Today's News

  • New assistant chief, detective at TCPD

    City’s police dog will retire this fall; donations will help purchase another




    TELL CITY – Mayor Barbara Ewing appointed a new assistant police chief Monday, filling a vacancy created by last week’s resignation of John Allen. She also announced a new detective for the department.

    Ewing said she was promoting Lt. Alan Malone, 45, to the position of assistant chief. Malone has been a city police officer since 1995 and its detective since 2001.

  • River Pointe developers win portion of abatement request




    TELL CITY – The Tell City Common Council voted Monday to grant a 10-year tax abatement for first-floor retail space in the River Pointe housing complex along Seventh Street. City leaders, however, stripped away a provision of a preliminary resolution approved last month that would have extended tax relief to top-floor condominiums.

    “I know it’s probably not what you wanted but it’s what the community told us they wanted,” Councilman Gerald Yackle said after the vote.

  • Community Events; July 6

    Hospital auxiliary to hold sale Wednesday


    TELL CITY – The PCMH Auxiliary will sponsor a “gently-used” sale featuring books, jewelry and handbags from 7 a.m. to 4 p.m. Wednesday, July 8, at the new hospital location. 

    All paperback books will be 50 cents each and hardcover books will be $1. Jewelry and handbags will be individually priced. The new gift shop will also be open during this time for guests to explore.


    4-H to host food drive today


  • TC Band Boosters plan camps, request volunteers

    TELL CITY – The Tell City Junior Senior High School band Boosters met last month to discuss details and dates for upcoming camps and events.

    Topics of the June 16 meeting included the need for volunteers to help work at the Schweizer Fest band-booster booth and in many areas of this year’s marching season. For more information about volunteering, call the band office at (812) 547-4456.

  • St. John’s annual picnic set for Sunday, July 19

    NEW BOSTON – St. John Chrysostom Catholic Church in New Boston will host its annual picnic beginning at 10 a.m. Sunday, July 19. New Boston “famous soup” will be available by the gallon or bowl.

    Fried chicken and roast beef dinners will be served in the air-conditioned Heck Hall starting at 10 a.m. CDT. Bingo will begin at 11.

    An outside food stand, a grand raffle, quilt raffle, cake wheel, silent and a small-prize-raffle auction will also take place. There will also be a country store and activities for the kids.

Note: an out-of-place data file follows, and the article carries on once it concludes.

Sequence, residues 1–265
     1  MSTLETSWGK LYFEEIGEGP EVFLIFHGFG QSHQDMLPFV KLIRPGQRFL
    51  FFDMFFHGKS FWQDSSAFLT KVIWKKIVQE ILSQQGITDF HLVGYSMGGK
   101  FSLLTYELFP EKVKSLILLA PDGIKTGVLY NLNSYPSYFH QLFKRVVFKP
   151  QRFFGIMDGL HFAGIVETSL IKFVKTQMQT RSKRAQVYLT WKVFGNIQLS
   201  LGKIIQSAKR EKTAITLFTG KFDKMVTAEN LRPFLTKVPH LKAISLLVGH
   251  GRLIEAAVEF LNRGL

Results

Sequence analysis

• A honey of a hive
  • Farmers market vouchers available for qualifying seniors

    PERRY COUNTY – The Senior Farmer’s Market Nutrition Program is again available in Perry County this year under the sponsorship of Lincoln Hills Development Corp. through its Retired and Senior Volunteer Program. The program will provide $2,400 in voucher checks from the Indiana Department of Health to 120 low-income households in Perry County. 

  • Assistant police chief stepping down




    TELL CITY – John Allen, who has served as Tell City’s assistant police chief since 2008, stepped down from his leadership position last week. He will stay with the police department and will work as a patrol officer.

    Allen cited personal reasons for the resignation in an email to co-workers. He said he will continue to assist Chief Greg Hendershot with some administrative duties but will primarily work as a patrol officer, a position he held for most of his law enforcement career.

  • Sharing the season’s bounty


    Staff Writer


    TELL CITY -– The array of items available at the Tell City Depot farmer markets are as varied as the reasons why people attend. Starting its second month in the 2015 season, local growers and artisans feature their wares in hopes of not only earning a little extras cash, but to share their bountiful supplies, trade secrets they have for maintaining successful gardens and, sometimes, just to relay stories between family and friends.

  • Too much rain hurting crops


    Staff Writer

    PERRY COUNTY – Hoosiers are heading into a far wetter and cooler-than-usual summer thus far, courtesy of the torrential rains that drenched the state throughout June. While this may be a welcome reprieve for many vacationers, area farmers are left with little recourse but to hope for the best as their flooded crops struggle to survive.